Iran’s belated decision this week to allow inspectors from the United Nations’ atomic watchdog access to two suspected nuclear sites needs to be seen against the background of Iran’s diplomatic offensive to have the international arms embargo lifted.
Iran and the UN-sponsored International Atomic Energy Agency (IAEA) have been at loggerheads for several months over complaints by nuclear inspectors that Iran has been denying them access to two sites at Marizan and Amad that they suspect are linked to the country’s controversial nuclear programme. UN inspectors believe that the sites have been used for developing and storing nuclear material related to the country’s clandestine nuclear weapons programme, which the CIA believes was active until 2003.
Nuclear experts at the IAEA believe the sites were active in the early 2000s, but Tehran has consistently refused to allow UN inspectors access to the sites despite signing the controversial 2015 nuclear deal with the world’s major powers.
The stand-off between Tehran and the IAEA over the sites, together with disputes over other unresolved issues, prompted the organisation to take the unprecedented step of publishing a special report in March about the unanswered questions that remained about Iran’s nuclear activities, and the lack of co-operation inspectors had received from Tehran.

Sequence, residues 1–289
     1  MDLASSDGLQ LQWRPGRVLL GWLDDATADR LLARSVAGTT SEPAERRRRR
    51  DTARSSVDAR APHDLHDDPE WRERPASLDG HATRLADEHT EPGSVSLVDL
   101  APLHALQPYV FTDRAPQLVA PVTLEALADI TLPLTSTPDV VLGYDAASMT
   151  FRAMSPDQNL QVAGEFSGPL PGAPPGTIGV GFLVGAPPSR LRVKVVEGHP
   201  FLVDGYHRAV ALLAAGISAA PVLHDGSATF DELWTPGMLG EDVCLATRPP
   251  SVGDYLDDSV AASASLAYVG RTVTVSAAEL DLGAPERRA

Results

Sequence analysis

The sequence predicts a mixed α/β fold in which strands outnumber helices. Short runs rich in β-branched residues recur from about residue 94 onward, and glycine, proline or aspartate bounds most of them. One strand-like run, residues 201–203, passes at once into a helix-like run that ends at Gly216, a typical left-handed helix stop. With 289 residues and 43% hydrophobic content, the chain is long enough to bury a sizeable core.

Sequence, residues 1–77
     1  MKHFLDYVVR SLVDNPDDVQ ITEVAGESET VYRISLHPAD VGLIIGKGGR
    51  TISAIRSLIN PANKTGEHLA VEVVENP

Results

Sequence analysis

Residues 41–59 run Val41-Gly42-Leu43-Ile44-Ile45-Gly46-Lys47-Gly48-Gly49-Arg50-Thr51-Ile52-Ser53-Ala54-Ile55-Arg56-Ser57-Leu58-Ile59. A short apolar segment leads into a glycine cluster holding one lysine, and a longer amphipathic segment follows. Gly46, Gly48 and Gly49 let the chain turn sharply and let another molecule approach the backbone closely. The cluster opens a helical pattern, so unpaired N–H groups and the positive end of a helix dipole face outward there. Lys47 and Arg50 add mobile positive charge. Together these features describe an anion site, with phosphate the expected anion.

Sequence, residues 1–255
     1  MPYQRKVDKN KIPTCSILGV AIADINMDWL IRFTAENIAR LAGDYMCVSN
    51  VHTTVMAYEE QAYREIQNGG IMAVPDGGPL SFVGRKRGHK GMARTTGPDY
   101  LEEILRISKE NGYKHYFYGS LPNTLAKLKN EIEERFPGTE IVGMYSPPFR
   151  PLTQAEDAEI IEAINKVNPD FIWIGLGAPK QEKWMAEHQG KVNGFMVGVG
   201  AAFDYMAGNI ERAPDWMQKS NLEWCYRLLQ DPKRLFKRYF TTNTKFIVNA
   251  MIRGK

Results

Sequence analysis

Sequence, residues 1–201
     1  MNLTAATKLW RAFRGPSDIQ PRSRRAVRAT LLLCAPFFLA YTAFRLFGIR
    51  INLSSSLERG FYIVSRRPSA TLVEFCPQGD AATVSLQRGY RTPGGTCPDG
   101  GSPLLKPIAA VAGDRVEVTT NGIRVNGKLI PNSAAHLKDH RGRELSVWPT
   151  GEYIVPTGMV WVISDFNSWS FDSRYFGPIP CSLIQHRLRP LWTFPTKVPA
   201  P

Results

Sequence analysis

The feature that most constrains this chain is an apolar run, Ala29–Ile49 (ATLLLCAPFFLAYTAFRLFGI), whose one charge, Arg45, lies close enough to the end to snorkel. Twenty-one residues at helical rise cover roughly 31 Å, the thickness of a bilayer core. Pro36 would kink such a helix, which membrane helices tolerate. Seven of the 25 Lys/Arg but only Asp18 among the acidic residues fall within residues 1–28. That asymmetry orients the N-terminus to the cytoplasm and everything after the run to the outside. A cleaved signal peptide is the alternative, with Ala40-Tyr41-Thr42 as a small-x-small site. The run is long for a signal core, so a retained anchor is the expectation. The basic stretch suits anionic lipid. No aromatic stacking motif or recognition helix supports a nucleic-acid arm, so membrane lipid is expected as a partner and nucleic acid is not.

This was followed in June when the IAEA’s Board of Governors, led by the US and the European signatories to the deal, Britain, France and Germany, issued a rare condemnation of Iran for stonewalling its nuclear inspectors and called on the country to allow the agency access to two undeclared sites. The resolution was the first time the organisation had formally criticised the Islamic Republic since 2012.
Since then a senior team of IAEA officials have been involved in talks with Dr Ali Akbar Salehi, the head of the Atomic Energy Agency of Iran, to resolve the dispute. A breakthrough was made earlier this month when Tehran signalled it would end its opposition to the inspectors visiting the disputed sites.
This led to IAEA Director General Rafael Grossi travelling to Tehran earlier this week for meetings with key Iranian officials, including Foreign Minister Mohammad Javad Zarif and Dr Salehi.
In a joint statement issued after the meetings on Wednesday, the IAEA and Iran announced that they had reached an agreement on dates for access and verification activities “after intensive bilateral consultations.”
There will, of course, be a degree of scepticism over whether Iran will actually comply with the terms of the agreement signed by Mr Grossi and Dr Salehi, or indulge in the prevarication tactics that have characterised Iran’s dealings with the IAEA over more than two decades.
Indeed, the imposition of an arms embargo against Tehran was first undertaken in 2007 after the Iranian regime was accused of failing to co-operate fully with the IAEA over its nuclear programme.